9. ^ a b Newmann, Sara J.; Dalve-Endres, Andrea; Diedrich, Justin T.; Steinauer, Jody E.; Meckstroth, Karen; Drey, Eleanor A. (2010-08-04). "Cervical preparation for second trimester dilation and evacuation". The Cochrane Database of Systematic Reviews (8): CD007310. doi:10.1002/14651858.CD007310.pub2. ISSN 1469-493X. PMID 20687085.
  10. ^ a b Paul, Maureen, Hrsg. Lichtenberg, Steve, Hrsg. Borgatta, Lynn, Hrsg. Grimes, David A., Hrsg. Stubblefield, Phillip G., Hrsg. Creinin, Mitchell D., Hrsg. (2011). Management of Unintended and Abnormal Pregnancy Comprehensive Abortion Care. John Wiley & Sons. ISBN 9781444358476. OCLC 899157428.CS1 maint: Multiple names: authors list (link)
  11. ^ Allen, Rebecca H.; Singh, Rameet (2018-06). "Society of Family Planning clinical guidelines pain control in surgical abortion part 1 — local anesthesia and minimal sedation". Contraception. 97 (6): 471–477. doi:10.1016/j.contraception.2018.01.014. ISSN 0010-7824. Check date values in: |date= (help)
  12. ^ Health and Ethics Policies of the AMA American Medical Association. H-5.982 Retrieved April 24, 2007.
  13. ^ ACOG Statement on the US Supreme Court Decision Upholding the Partial-Birth Abortion Ban Act of 2003 Archived 2007-06-11 at the Wayback Machine (April 18, 2007). Retrieved 2007-04-22.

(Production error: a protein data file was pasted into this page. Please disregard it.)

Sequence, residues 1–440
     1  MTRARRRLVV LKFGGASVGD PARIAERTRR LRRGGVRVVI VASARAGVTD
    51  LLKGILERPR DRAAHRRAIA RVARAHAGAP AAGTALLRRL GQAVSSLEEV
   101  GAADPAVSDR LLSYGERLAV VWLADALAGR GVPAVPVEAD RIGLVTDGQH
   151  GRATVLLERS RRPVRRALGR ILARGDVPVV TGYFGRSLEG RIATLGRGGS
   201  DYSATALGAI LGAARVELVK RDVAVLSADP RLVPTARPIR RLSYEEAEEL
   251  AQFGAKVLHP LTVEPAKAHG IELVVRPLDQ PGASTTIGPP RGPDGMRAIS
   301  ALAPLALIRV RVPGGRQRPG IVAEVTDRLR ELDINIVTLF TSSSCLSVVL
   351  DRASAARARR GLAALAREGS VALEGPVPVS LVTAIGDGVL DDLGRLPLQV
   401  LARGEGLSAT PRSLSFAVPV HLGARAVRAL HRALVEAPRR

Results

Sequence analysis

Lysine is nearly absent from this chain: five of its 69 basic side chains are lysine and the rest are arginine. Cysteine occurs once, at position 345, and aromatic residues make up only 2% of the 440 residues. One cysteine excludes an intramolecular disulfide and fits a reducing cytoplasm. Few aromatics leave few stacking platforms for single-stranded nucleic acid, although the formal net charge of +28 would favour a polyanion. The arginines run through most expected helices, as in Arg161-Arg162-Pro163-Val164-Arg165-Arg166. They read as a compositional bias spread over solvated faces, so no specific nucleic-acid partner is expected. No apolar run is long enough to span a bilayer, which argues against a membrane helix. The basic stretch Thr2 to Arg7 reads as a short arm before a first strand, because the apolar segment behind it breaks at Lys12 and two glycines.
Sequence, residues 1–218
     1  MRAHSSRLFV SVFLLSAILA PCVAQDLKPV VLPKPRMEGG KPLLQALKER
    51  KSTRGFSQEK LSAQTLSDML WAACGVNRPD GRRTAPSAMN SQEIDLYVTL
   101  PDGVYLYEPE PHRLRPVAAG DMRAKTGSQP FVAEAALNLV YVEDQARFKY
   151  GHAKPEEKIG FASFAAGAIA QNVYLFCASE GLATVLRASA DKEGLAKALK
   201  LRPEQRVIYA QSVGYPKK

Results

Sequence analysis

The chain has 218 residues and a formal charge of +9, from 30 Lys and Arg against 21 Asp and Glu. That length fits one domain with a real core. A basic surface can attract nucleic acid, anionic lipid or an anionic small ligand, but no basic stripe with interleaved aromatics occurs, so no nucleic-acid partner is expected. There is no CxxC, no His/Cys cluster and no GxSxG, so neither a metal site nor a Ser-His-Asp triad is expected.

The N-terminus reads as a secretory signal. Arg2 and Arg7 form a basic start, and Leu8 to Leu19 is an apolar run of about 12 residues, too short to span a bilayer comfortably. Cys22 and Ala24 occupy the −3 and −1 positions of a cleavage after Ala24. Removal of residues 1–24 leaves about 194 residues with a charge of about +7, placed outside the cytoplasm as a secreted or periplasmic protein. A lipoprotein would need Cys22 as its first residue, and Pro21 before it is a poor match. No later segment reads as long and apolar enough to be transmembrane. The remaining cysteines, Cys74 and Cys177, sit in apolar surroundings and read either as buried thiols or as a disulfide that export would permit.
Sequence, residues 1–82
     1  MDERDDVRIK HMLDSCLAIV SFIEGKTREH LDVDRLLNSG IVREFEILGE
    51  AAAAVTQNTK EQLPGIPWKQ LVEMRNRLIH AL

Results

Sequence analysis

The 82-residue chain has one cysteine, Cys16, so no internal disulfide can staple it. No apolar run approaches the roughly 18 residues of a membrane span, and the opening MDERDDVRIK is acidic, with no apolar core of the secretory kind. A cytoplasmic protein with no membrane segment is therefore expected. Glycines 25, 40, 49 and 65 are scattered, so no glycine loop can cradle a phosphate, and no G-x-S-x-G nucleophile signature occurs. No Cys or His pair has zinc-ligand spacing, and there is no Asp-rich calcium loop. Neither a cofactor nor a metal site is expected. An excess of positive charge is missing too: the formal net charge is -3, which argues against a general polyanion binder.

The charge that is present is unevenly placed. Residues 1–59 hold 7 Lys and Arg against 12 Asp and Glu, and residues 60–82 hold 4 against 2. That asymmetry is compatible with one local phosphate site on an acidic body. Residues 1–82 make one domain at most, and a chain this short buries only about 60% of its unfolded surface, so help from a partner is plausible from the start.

14. ^ Paul, Maureen, Hrsg. Lichtenberg, Steve, Hrsg. Borgatta, Lynn, Hrsg. Grimes, David A., Hrsg. Stubblefield, Phillip G., Hrsg. Creinin, Mitchell D., Hrsg. (2011). Management of Unintended and Abnormal Pregnancy Comprehensive Abortion Care. John Wiley & Sons. ISBN 9781444358476. OCLC 899157428.CS1 maint: Multiple names: authors list (link)
  15. ^ Jatlaoui, Tara C.; Boutot, Maegan E.; Mandel, Michele G.; Whiteman, Maura K.; Ti, Angeline; Petersen, Emily; Pazol, Karen (2018-11-23). "Abortion Surveillance — United States, 2015". MMWR. Surveillance Summaries. 67 (13): 1–45. doi:10.15585/mmwr.ss6713a1. ISSN 1546-0738.
  16. ^ a b "Second-Trimester Abortion - ACOG". www.acog.org. Retrieved 2019-07-09.
  17. ^ Kansas governor signs nation's 1st ban on abortion procedure - Yahoo News. News.yahoo.com (2015-04-07). Retrieved on 2015-04-12.
  18. ^ Alter, Charlotte. "Kansas Court Strikes Down Second-Trimester Abortion Ban". TIME.com. Retrieved 2016-10-20.